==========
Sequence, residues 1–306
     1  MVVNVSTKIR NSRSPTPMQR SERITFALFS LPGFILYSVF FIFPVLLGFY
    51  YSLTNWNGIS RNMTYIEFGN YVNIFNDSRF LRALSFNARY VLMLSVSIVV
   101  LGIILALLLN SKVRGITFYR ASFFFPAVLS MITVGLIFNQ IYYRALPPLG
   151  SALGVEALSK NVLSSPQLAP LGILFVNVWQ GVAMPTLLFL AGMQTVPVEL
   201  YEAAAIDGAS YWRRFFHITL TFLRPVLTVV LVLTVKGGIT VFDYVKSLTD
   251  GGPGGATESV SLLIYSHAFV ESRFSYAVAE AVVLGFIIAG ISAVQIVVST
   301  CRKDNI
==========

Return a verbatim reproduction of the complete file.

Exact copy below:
Sequence, residues 1–306
     1  MVVNVSTKIR NSRSPTPMQR SERITFALFS LPGFILYSVF FIFPVLLGFY
    51  YSLTNWNGIS RNMTYIEFGN YVNIFNDSRF LRALSFNARY VLMLSVSIVV
   101  LGIILALLLN SKVRGITFYR ASFFFPAVLS MITVGLIFNQ IYYRALPPLG
   151  SALGVEALSK NVLSSPQLAP LGILFVNVWQ GVAMPTLLFL AGMQTVPVEL
   201  YEAAAIDGAS YWRRFFHITL TFLRPVLTVV LVLTVKGGIT VFDYVKSLTD
   251  GGPGGATESV SLLIYSHAFV ESRFSYAVAE AVVLGFIIAG ISAVQIVVST
   301  CRKDNI